Immediate Impacts of Health Care Reform Legislation for the Insurance Industry

Author:Mr Kevin Fitzgerald, Ethan Lenz and Benjamin P. Sykes
Profession:Foley & Lardner
 
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On Tuesday, March 30, 2010, President Barack Obama signed the last piece of legislation instituting sweeping changes to the nation's health care system. The reconciliation bill of the Patient Protection and Affordable Care Act (PPACA), which the U.S. House of Representatives passed by a vote of 220 to 207, was slightly changed by the Senate from a version that passed the House late last month, necessitating a second vote by the House.

With PPACA now in place, the insurance industry faces a slew of new regulations, restrictions, and fundamental changes. Although it is too early in the process to know exactly how health care reform will reshape the industry, especially since a majority of the changes will not take place until 2014, it seems clear that the regulatory framework and rules for the insurance industry that will eventually emerge will look significantly different than the one that exists today.

Pre-existing Conditions Coverage

National High-Risk Insurance Pool PPACA essentially guarantees that those with pre-existing conditions will have the ability to purchase insurance coverage. Within 90 days of enactment, Americans who have pre-existing conditions and have not been covered by insurance for at least six-months may sign up for a new high-risk insurance pool. This high-risk pool will continue until 2014, at which time all insurance carriers will be prohibited from excluding an individual based on a pre-existing condition. In a recent letter to state governors and insurance commissioners, U.S. Department of Health and Human Services (HHS) Secretary Kathleen Sebelius clarified that coverage offered under the high-risk pool must have an actuarial value of at least 65 percent of total allowed costs, an out-of-pocket limit no greater than $5,950 for an individual and $11,900 for a family, and no pre-existing condition exclusions. Further, premiums under the high-risk pool must not exceed 100 percent of the standard non-group rate and not have an age rating greater than four to one. Finally, Ms. Sebelius' letter outlined the different ways that states could participate in the high-risk pool. Namely, states can: Operate a new high-risk pool alongside a current state high-risk pool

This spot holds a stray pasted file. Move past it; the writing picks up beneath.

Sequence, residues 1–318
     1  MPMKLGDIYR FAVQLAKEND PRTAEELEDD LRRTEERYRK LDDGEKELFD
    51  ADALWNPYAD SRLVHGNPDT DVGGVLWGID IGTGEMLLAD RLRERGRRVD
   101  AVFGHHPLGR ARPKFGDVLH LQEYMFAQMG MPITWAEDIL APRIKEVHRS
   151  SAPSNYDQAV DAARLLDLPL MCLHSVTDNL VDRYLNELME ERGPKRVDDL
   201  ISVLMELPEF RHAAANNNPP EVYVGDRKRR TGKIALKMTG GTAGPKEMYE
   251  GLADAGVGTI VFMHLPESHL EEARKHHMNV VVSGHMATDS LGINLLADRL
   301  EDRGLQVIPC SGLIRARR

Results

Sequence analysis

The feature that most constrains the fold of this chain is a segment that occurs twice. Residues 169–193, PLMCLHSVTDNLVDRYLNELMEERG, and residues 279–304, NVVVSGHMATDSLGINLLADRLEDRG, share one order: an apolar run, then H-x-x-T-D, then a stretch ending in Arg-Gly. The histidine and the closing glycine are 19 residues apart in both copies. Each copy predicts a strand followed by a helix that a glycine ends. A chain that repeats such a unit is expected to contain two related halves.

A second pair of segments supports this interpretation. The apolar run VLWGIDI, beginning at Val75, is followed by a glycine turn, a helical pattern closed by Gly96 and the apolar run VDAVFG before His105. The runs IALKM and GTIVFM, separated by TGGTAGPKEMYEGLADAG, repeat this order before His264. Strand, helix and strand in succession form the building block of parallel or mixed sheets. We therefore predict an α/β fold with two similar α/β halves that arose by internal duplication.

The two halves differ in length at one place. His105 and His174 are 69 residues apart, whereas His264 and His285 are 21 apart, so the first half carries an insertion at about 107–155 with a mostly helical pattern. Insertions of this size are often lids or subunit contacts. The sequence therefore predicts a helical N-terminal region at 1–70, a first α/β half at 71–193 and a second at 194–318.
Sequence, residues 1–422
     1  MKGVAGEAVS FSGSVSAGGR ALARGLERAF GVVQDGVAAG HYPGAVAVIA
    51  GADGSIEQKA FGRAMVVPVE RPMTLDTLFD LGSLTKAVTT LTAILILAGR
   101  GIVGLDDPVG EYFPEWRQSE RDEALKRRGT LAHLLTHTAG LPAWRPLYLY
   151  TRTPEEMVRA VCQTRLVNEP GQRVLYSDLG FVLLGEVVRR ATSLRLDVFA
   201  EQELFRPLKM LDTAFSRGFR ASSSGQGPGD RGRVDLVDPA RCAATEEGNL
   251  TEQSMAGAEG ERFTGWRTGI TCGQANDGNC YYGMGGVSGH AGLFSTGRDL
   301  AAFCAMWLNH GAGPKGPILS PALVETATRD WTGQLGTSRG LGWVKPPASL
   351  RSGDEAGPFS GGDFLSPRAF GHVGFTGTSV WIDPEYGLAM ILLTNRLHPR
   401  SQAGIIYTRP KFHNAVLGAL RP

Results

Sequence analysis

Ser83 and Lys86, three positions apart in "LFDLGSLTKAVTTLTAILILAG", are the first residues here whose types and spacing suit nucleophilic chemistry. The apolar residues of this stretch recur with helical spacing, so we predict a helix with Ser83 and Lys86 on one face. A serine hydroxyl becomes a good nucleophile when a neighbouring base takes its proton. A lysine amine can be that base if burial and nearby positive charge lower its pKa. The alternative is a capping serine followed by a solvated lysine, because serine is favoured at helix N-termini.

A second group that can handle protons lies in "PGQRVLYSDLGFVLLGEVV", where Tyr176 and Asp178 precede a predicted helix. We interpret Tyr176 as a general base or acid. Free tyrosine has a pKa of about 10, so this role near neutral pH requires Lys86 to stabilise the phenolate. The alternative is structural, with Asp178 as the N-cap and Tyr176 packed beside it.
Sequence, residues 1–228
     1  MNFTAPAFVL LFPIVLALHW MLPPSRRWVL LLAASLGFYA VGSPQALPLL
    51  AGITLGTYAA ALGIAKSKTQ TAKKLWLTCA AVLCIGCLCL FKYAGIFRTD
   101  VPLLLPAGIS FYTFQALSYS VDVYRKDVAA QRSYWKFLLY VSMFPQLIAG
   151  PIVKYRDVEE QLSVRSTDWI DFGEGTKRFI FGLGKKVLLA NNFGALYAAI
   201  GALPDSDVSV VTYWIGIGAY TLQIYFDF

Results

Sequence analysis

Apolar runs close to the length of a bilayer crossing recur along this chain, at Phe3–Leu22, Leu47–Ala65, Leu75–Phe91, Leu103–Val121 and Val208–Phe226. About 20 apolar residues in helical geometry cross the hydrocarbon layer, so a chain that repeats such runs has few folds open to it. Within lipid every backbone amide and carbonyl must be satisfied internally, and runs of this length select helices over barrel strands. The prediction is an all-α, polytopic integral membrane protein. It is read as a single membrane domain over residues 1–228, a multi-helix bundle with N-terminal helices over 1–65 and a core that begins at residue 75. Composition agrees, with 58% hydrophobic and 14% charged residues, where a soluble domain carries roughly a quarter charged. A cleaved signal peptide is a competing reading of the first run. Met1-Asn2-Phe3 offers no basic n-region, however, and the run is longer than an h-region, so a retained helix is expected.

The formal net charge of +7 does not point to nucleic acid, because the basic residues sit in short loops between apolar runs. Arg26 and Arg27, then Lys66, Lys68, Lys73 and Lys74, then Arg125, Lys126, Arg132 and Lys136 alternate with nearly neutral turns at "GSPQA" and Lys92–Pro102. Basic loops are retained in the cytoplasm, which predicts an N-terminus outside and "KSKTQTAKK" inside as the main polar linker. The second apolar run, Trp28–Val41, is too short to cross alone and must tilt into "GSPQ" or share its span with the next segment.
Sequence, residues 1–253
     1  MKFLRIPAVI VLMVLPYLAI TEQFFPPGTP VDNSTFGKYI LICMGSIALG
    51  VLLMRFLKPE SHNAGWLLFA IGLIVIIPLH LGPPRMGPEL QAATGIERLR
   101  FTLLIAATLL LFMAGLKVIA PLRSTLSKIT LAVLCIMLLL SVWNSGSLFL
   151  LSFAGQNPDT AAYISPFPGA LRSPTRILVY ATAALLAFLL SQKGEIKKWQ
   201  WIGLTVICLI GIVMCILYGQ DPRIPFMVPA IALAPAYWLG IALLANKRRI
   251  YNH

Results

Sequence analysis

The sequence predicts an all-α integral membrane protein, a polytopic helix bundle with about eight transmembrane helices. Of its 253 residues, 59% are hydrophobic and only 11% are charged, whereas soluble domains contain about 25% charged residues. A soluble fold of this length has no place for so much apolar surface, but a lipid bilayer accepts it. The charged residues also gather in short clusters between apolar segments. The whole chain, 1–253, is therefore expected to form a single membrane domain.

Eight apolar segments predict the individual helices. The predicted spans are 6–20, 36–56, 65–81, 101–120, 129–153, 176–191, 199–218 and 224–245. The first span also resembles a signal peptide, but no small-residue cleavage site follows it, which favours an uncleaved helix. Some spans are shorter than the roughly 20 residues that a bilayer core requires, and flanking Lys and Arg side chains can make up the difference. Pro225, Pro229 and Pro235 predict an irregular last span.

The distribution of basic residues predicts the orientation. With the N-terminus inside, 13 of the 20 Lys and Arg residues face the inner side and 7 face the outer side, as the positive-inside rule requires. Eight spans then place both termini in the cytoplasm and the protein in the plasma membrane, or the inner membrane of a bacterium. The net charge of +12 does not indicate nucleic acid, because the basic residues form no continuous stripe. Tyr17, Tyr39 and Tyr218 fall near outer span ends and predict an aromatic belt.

Establish a new high-risk pool (in a state that does not currently have a high-risk pool)

Build upon other existing coverage programs designed to cover high-risk individuals

Contract with a current HIPAA carrier of last resort or other carrier to provide subsidized coverage...

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